Archbishop Pietro Parolin, the Pope’s new Secretary of State, says that it’s very easy to work with the Holy Father because of his simplicity and because he “tries to help and not complicate things.”
The archbishop said this Wednesday when he was at the presentation of a book titled “Between Ethics and Enterprise: The Person at the Center,” by Cardinal Oscar Andres Rodriguez Madariaga, in collaboration with Giuseppe Colaiacovo and Manlio Sodi.
About his work in these first days in the Vatican, the Pope’s right-hand man said: “I am just starting; when one begins it isn’t always easy, especially a job as demanding and of such great responsibility as is that of the Secretary of State. But, with the help of God and beside Pope Francis I hope to fulfill my task.”
The 58-year-old Italian prelate, who began his work later than expected because of surgery, said about his state of health that he felt well and that “thanks be to God everything has ended.”
He also said that “it’s very easy to work with the Pope, because, as everyone knows, he is a man who is very simple and very close, who tries to help and not complicate things.”
“I am at ease and I hope that this collaboration will grow day after day for the glory of God and of the Church,” he concluded.
Archbishop Parolin himself opened the presentation of the book. In his intervention, he mentioned that the moment of economic crisis that we are living has behind it a profound anthropological crisis. He added that the economy must always be at the service of man and not the other way around. Referring to the title of the work presented, he stressed the importance of putting the person back at the center and that the person can never be a means in any activity or circumstance. Moreover, he pointed out that the Church has the responsibility to communicate the hope that comes from the Gospel and not only hope but also joy, as Francis says in his Apostolic Exhortation. Likewise, it is necessary to “support the commitment of all in the construction of a more just society more worthy of man, a society open to hope and not shut-in on itself in the defense of the interests of a few, but open to the perspective of the common good.”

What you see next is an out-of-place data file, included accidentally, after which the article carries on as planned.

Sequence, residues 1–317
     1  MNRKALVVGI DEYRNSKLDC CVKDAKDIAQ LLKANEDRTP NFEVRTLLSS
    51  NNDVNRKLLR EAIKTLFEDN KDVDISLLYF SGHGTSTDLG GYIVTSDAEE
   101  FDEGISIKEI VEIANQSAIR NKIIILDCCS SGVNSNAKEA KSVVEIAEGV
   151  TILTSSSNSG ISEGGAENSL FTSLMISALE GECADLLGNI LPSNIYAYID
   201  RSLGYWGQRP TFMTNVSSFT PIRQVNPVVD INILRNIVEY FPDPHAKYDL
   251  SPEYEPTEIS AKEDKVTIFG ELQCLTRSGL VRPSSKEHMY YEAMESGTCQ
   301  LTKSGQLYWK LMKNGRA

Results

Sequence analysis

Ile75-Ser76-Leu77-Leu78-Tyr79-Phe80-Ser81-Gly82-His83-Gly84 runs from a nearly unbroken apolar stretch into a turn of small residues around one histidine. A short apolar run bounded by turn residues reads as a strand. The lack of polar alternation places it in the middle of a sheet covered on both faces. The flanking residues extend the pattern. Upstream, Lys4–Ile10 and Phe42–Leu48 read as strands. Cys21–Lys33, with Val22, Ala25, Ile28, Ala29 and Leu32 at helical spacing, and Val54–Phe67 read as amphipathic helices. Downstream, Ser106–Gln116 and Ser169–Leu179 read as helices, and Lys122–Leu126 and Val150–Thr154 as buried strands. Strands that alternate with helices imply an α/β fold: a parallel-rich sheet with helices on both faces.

For his part, Honduran Cardinal Maradiaga mentioned the Festival of the Social Doctrine of the Church, held at Verona on November 21-24 with the motto “Less Inequalities, More Differences.” The Cardinal expressed the desire that it be held in more places because it is “a sign of hope.” Reflecting further on the main theme of the book, he pointed out the need for more people in the business world who go beyond only seeking money, and pursue the common good. “These are the ones we need,” he said.
The cardinal said it is important for the Church and priests to have knowledge of the economy. He recalled when he headed the Economic Committee of CELAM, the Latin American bishops’ council, and his attempt to establish relations with institutes of economy who said, “priests know nothing about economics.” That is why he decided to study it on his own. Reflecting on the difficulties that are causing the economic crisis, he suggested the need for creativity, research and risk “because one can think in a different way when it comes to the economy.”